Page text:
82-90 Wall, Room 316
Ph.D., Yale University, 1973
M.Phil., Yale University, 1971
B.A., Stanford University, 1968
Edwin Duval has taught at Yale since 1987. His research is devoted to lyric poetry and narrative prose of the long French Renaissance (late fifteenth to the early seventeenth century), focusing primarily on intertextual echoes of Greek, Latin, and Biblical literature in Renaissance poetry and prose, and on literary form as a vector of meaning. His scholarship includes three books on “design” in Rabelais and many articles on sixteenth-century authors from Marot and Marguerite de Navarre to Montaigne and d’Aubigné. He is currently writing a book about poetic and musical form and the evolution of lyric genres in the Renaissance, tentatively titled Les métamorphoses de Polymnie: Poésie, musique et la Renaissance des genres lyriques en France (1340-1600). His future research projects include a book on the Aeneid as a model, a reference, and an intertext in Renaissance literature.
Selected Books and Recent Articles:
The Design of Rabelais’s Quart Livre de Pantagruel (Geneva: Droz, 1998).
The Design of Rabelais’s Tiers Livre de Pantagruel (Geneva: Droz, 1997).
The Design of Rabelais’s Pantagruel (New Haven: Yale University Press, 1991).
“Erasmus and the ‘First Renaissance’ in France,” in The Princeton History of Modern French Literature, ed. Christopher Prendergast (Princeton: Princeton University Press, forthcoming).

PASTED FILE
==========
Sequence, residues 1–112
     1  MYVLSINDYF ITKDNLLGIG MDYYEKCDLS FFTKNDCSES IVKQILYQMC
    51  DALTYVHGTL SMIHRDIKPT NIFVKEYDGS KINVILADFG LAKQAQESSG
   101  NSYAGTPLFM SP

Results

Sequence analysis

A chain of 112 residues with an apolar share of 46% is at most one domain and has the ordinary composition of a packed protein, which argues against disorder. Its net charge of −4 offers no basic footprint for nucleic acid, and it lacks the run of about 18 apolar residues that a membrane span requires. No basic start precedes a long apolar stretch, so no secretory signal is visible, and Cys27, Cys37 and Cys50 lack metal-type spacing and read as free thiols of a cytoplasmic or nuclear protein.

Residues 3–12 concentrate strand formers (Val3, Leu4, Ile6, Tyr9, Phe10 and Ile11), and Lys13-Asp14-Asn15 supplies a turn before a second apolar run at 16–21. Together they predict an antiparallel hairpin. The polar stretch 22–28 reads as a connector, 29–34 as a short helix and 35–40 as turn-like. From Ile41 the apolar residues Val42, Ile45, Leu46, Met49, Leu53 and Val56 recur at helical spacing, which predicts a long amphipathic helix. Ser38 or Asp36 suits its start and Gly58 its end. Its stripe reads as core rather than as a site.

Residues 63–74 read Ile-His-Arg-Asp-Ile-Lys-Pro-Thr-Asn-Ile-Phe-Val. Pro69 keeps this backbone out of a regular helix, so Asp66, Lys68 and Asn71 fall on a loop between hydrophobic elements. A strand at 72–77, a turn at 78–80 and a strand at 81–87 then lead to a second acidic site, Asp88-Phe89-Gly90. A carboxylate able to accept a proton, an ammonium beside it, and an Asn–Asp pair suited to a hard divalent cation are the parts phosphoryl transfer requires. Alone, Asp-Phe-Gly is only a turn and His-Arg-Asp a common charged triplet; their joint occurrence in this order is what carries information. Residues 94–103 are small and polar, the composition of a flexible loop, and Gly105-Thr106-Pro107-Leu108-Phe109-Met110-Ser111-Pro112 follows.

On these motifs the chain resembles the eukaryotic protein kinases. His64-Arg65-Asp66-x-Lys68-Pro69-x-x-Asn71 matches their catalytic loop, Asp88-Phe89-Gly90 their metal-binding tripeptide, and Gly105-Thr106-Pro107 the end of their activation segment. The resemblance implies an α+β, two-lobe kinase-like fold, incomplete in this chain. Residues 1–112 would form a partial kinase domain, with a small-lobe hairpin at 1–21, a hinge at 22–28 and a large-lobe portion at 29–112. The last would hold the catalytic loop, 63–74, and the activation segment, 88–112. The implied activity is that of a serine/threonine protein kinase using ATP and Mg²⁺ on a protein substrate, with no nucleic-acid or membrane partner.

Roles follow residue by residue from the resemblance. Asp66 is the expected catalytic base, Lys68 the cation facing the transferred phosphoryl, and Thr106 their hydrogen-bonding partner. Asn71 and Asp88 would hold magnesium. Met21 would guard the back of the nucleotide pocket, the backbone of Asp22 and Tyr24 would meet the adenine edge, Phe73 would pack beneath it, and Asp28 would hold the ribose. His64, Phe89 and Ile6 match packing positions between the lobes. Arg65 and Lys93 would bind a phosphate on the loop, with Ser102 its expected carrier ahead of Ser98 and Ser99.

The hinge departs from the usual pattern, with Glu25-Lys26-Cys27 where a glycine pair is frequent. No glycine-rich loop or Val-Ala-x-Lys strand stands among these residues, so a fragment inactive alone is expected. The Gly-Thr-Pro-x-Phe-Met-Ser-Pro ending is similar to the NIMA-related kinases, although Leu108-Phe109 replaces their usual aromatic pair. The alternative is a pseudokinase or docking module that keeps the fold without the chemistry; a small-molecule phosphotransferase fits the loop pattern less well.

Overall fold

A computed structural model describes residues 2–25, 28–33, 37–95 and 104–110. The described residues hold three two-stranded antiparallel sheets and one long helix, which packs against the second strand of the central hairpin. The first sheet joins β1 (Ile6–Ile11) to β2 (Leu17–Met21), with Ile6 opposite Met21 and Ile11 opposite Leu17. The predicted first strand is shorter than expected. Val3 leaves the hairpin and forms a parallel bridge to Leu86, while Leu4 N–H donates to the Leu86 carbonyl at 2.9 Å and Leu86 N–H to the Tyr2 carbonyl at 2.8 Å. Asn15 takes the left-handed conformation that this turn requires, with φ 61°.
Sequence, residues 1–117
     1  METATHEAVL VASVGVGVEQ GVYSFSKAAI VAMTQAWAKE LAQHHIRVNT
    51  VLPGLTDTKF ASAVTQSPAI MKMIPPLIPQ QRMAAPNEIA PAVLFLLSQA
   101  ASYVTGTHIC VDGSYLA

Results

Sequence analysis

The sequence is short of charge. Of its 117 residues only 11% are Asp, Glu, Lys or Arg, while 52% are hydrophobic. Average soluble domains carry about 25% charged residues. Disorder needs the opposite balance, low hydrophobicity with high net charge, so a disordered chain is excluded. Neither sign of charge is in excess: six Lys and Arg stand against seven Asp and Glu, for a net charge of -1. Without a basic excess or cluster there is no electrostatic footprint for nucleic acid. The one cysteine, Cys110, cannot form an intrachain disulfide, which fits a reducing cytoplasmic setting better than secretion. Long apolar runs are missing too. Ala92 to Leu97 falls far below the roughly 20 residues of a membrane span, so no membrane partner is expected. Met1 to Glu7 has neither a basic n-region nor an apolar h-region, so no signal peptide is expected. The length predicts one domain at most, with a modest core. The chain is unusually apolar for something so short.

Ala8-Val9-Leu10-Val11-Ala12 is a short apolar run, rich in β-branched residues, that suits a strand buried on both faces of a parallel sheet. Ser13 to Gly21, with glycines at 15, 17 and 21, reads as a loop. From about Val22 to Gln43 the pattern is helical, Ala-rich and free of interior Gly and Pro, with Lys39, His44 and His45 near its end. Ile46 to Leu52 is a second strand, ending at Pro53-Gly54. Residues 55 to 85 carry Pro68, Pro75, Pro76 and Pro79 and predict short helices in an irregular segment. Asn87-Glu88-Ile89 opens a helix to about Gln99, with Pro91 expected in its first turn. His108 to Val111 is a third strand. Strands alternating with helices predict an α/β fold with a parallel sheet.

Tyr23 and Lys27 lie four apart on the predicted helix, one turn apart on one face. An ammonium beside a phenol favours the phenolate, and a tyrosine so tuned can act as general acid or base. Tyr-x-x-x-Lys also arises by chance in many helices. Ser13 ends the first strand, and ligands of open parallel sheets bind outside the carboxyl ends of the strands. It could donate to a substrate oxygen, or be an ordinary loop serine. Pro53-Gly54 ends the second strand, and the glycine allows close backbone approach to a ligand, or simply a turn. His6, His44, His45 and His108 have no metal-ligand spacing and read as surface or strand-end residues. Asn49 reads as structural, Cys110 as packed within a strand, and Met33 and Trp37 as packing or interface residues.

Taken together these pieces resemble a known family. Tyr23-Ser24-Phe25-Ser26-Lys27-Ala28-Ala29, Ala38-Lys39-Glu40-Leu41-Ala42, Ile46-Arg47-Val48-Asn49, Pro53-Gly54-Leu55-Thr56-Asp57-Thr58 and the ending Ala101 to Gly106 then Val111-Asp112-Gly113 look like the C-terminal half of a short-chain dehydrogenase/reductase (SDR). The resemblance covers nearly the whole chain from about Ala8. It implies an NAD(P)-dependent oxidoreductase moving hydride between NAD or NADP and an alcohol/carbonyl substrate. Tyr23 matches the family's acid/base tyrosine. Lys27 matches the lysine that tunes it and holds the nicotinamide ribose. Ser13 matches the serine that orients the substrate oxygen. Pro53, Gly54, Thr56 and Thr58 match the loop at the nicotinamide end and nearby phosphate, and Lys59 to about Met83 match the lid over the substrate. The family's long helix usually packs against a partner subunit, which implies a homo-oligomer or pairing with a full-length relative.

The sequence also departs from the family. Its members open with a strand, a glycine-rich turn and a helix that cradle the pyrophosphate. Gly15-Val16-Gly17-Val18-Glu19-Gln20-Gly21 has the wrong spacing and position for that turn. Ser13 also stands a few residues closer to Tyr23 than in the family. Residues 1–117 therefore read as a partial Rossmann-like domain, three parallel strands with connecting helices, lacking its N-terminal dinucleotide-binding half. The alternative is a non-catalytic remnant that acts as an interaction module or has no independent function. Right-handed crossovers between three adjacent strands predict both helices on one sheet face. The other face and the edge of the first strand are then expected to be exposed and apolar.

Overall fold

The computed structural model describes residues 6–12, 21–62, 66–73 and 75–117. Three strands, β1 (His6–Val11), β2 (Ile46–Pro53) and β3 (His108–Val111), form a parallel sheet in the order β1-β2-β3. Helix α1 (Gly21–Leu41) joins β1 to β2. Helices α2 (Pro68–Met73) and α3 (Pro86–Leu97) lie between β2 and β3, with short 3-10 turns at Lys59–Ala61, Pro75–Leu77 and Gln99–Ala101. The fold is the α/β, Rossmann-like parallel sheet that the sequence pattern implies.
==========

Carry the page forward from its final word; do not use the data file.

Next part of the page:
“Rival Laureates and Multiple Monuments: Collaborative Self-Crowning in France,” in Laureations: Essays in Honor of Richard Helgerson, ed. Roze Hentschell and Kathryn Lavezzo (Newark: University of Delaware Press, 2012), 187-208.
“Putting Religion in its Place,” in The Cambridge Companion to Rabelais, ed. John O’Brian. (Cambridge: Cambridge University Press, 2011), 93-106.
“Intertextuality: The Bible,” in Approaches to Teaching the Works of François Rabelais, ed. Todd W. Reeser and Floyd Gray ( New York: The Modern Language Association of America, 2011), 54-61.
“Rabelais and French Renaissance Satire,” in A Companion to Satire from the Biblical World to the Present, ed. Ruben Quintero (Oxford: Blackwell, 2007), 70- 85.
“Wresting Petrarch’s Laurels: Scève, Du Bellay, and the Invention of the Canzoniere,” in Renaissance Transactions and Exchanges, ed. William J. Kennedy. Annals of Scholarship, 16:1-3 (2005), 53-73.
“L’Adolescence Clémentine et l’Œuvre de Clément Marot,” in Le simple, le multiple: la disposition du recueil à la Renaissance, ed. Jean-Philippe Beaulieu. Études françaises, 38:3 (2002), 11-24.
“‘Quasi comme une nouvelle poësie’: Poetic Genres and Lyric Forms, 1549-1552,” in Poetry and Music in the French Renaissance, ed. Jeanice Brooks, Philip Ford, Gillian Jondorf. Proceedings of the Sixth Cambridge French Renaissance Colloquium, 5-7 July 1999. (Cambridge, England: Cambridge Colloquia, 2001), 53-77.
The French Renaissance; Lyric Poetry of the Renaissance; Religion and Literature in the Renaissance; Love in the Renaissance; Introduction to French Poetry; Poetry and Music in France; Heroes and Quests.
Rabelais; Montaigne et d’Aubigné; Poésie Lyrique à la Renaissance; L’École de Lyon et la Pléiade; Les Années 30 du XVIe Siècle; Voix de Femme / Voix d’Homme.